Cerebral vascular disease: Cerebral vascular disease occurs due to atherosclerotic changes in cerebral blood vessels. It often involves the formation of an embolus in a different location in the vascular system which then lodges in a cerebral blood vessel. The formed embolus due to blockage of blood flow to any part of the cerebral region can cause transient ischemic attacks and strokes. This pathological situation is complicated in patients with diabetes. In fact, recovery from stroke may be hampered in diabetic individuals with extremely high blood glucose concentration at the time of diagnosis [15]. Effective glycemic control is therefore vitally important in the prevention of cerebral vascular disease as a diabetic complication.

Peripheral vascular disease: Peripheral vascular disease is also referred to as lower extremity arterial disease (LEAD). It occurs as a result of atherosclerotic changes in the large blood vessels of the lower extremities and is clinically identified by intermittent claudicating and /or absence of peripheral pulse in the lower regions of the body such as the legs and feet [4]. Chronic hyperglycemia which is characteristic of diabetes engenders oxidative cell environment which ultimately damage peripheral blood vessels and impairs blood flow to the lower extremities of the body. Severe arterial occlusions in the lower extremities are principally responsible for cases of gangrene and amputations in diabetic patients [4].

Micro vascular complications: Micro vascular complications are diseases of small blood vessels usually developed in diabetes. The major ones are retinopathy, nephropathy and neuropathy and are respectively leading causes of blindness, end-stage renal disease and various painful neuropathies [6]. The incidence of micro vascular lesions involves the thicken of the basement membrane in the capillaries and arterioles of blood vessels of the retina and kidney [4,16].

Diabetic retinopathy: Diabetic Retinopathy is one of the micro vascular complications experienced by individuals with prolong diabetes. It usually causes visual impairment and sometimes total blindness [17]. Diabetic retinopathy is the leading cause of blindness in the United States of America among all categories of diabetic patients (old and young). Diabetic retinopathy can be classified into background retinopathy and preproliferative retinopathy which are respectively characterized by partial occlusion of the small blood vessels in the retina with formation of micro aneurysms in the capillary wall [18] and total occlusion of the small blood vessels in the retina leading to destruction of retinal capillaries [19].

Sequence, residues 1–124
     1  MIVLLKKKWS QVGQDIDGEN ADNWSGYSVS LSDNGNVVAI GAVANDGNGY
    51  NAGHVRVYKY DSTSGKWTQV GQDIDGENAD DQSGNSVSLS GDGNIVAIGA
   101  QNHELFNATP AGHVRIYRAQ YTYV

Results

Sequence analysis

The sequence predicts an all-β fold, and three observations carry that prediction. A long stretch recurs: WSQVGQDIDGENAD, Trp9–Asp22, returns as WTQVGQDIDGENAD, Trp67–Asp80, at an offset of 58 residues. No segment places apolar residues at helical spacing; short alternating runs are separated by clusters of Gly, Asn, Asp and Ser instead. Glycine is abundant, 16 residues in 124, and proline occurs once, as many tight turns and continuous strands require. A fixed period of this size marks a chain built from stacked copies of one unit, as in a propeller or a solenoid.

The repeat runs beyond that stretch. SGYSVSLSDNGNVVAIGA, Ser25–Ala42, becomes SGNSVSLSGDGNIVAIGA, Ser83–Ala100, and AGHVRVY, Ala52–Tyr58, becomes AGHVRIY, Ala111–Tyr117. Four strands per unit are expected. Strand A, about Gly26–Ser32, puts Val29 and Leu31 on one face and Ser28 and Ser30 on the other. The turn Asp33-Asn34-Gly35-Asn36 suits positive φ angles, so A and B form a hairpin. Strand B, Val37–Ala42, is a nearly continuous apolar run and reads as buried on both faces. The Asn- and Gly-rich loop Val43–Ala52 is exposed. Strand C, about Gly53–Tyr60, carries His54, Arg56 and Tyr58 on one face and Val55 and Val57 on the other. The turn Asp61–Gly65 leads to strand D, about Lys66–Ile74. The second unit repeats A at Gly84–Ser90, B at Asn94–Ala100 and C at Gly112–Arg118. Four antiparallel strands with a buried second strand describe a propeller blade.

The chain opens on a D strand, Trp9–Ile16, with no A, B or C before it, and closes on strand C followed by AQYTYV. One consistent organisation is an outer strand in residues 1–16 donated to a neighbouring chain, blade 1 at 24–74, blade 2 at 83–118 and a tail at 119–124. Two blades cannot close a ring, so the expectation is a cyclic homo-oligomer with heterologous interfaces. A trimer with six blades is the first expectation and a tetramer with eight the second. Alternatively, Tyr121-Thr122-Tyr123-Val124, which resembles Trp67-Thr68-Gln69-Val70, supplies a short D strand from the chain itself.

Diabetic Nephropathy: Diabetic nephropathy is an endstage renal disease with an incidence rate of 40 percent of all patients with type 2 diabetes [20]. It is the leading cause of endstage renal disease in the United States and other parts of the globe like Europe, Japan [21]. Early detection and employment of appropriate renoprotective treatments of susceptible patients is very important. Type 2 Diabetic patients with microalbuminuria are on the average 15 times more susceptible to compared to those with normoalbuminuria [22,23] Where as, about 29% of all patients with type 1 diabetes develop persistent microalbuminuria. Patients with diabetic nephropathy often rely on kidney dialysis or transplantation.

Diabetic Neuropathy: Diabetic neuropathy constitutes a wide range of abnormalities involving both somatic and autonomic nervous system [24]. It is described as a group of diseases that damage the nerves, including peripheral (sensory motor), autonomic and spinal nerves. Chronic hyperglycemia over a period of years has been accounted as the cause of neuropathy [25]. Neuropathy may be sensory motor neuropathy or autonomic neuropathy. While the former affects the distal portion of the nerves, more especially the lower extremities [26], the latter engender a broad range of dysfunctions affecting almost every organ and system of the body. Glycemic control and tissue transplant from the islets of Langer Hans can be used to delay or prevent the development of neuropathy [27].

Conclusion

Diabetic complications worsen diabetes cases, increase mortality rate of the disease and puts enormous burden on health care resources of countries. Therefore, efforts geared at preventing these complications will greatly lessen the devastating effects of diabetes and its complications on the global populace.